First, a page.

Speaking in tongues

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cv5

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Nov 20, 2018
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The statement above pretty much says that this statement is false:



Because it says your mind is made up that ALL private tongues are false. Therefore you would never be able to confirm a genuine use, because you are determined that among the babble and baby talk there can't be a legitimate use.

I have received many, many revelations (current applications of existing scripture) and words of knowledge that glorified God while speaking in tongues. It's funny how doing something false could result in the very things God said they would result in.

I'm not trying to talk you into accepting tongues. I'm just hoping you will open your mind enough to consider why would satan bother to falsify something that is already apparently false... unless it actually isn't.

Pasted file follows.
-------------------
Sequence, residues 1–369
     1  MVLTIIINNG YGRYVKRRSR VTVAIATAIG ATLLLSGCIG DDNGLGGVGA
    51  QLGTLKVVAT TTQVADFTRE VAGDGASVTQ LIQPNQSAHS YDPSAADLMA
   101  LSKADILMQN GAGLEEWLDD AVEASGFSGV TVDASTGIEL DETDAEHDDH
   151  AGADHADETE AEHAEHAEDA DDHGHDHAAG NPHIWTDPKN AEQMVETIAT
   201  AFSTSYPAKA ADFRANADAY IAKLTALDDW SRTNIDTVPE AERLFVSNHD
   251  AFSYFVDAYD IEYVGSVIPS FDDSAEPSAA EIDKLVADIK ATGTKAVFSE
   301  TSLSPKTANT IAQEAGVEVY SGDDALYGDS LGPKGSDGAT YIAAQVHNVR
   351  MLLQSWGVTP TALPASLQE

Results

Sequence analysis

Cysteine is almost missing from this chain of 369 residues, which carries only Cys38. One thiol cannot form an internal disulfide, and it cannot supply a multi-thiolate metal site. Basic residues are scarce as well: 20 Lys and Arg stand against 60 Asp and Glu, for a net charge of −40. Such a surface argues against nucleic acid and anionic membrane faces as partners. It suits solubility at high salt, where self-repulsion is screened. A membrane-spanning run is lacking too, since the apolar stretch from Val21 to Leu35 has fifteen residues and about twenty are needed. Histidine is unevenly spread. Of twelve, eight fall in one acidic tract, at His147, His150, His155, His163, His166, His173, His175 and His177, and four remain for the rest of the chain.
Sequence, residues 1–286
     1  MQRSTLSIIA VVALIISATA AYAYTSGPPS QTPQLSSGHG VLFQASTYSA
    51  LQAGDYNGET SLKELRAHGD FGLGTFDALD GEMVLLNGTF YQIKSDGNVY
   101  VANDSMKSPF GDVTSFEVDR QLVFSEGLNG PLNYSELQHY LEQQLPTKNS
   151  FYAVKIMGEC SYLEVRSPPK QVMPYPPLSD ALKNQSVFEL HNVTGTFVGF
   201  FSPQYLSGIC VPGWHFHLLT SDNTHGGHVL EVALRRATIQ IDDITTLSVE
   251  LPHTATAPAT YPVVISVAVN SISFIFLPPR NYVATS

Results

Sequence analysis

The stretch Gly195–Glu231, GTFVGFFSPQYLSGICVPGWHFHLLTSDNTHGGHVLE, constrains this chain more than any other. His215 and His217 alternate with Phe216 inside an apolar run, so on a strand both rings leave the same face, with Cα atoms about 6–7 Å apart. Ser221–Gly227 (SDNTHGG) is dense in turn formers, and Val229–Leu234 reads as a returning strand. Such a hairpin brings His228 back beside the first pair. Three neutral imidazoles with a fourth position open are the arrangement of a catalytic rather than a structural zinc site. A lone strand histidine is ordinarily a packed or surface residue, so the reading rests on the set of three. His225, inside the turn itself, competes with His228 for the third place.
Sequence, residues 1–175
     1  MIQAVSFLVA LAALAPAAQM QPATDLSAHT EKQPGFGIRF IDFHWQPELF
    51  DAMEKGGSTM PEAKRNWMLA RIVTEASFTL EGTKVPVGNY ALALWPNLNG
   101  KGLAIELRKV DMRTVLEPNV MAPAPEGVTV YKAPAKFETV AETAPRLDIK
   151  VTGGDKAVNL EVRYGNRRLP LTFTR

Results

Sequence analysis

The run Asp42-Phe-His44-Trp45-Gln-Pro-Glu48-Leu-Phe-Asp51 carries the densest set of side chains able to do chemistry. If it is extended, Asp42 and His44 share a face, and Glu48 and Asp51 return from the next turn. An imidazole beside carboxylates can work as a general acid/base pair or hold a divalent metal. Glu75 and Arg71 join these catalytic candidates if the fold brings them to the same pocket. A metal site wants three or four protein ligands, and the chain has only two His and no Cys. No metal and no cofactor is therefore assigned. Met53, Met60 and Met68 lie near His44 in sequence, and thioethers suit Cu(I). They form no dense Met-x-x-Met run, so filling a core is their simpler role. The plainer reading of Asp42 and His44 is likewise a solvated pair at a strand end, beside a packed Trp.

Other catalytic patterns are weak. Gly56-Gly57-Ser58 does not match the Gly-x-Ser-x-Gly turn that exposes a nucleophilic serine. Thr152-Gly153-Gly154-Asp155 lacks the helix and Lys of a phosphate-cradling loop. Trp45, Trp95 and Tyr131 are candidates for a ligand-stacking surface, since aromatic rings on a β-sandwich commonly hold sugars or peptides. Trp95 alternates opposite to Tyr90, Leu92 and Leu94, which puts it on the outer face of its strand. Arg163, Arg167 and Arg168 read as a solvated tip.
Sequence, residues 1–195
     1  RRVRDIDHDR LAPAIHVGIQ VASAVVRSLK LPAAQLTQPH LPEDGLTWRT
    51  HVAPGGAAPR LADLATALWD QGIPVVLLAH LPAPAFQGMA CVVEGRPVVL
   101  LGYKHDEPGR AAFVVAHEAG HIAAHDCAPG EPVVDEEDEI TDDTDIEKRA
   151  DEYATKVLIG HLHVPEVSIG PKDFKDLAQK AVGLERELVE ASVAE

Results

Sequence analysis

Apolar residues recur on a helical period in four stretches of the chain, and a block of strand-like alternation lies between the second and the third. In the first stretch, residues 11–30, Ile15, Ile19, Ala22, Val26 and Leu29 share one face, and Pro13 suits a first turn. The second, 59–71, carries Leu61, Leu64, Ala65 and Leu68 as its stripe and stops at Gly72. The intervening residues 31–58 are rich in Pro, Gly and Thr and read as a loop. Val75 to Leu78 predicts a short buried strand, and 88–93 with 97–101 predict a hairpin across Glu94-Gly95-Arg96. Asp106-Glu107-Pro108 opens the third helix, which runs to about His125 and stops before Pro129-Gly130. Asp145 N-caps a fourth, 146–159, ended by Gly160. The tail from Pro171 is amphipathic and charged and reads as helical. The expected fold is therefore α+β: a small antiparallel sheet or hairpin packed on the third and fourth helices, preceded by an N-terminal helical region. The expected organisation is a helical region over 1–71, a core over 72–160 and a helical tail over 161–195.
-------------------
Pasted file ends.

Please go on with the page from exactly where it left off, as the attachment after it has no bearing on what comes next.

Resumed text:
among the babble and baby talk there can't be a legitimate use.

I will consider that statement as an admission that those type of tongues are some kind of incoherent babble.
 

Kavik

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Mar 25, 2017
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To be biblical tongues they must be the tongues described in the bible. The problem arises in the interpretation of the word tongue and it's multiple meanings as translated into English. Cloven tongues of fire is illustrating the glory of God resting upon the speakers not the tongues being spoken. Fire is described as having tongues referring to the flames themselves. Tongues are languages among men. Tongues are organs of speech in the mouths of men and animals. Even my shoes have tongues. My shoes do not utter any audible sounds.

Context is essential in understanding which interpretation of the word for tongues is intended in the passages.

For the cause of Christ
Roger
Yes, context is essential; the word "tongue" itself has multiple meanings in English, however, when describing something spoken, the term "tongues" refers to (real, rational) language. "Comb" has multiple meanings in English too, but as a devise to 'adjust' one's hair, it can only refer to one thing.

It sort of baffles me why the term is even kept in modern translations of the Bible; it's simply a more archaic English word for "language". It's almost as if using the more archaic term lends something of an air of mystery.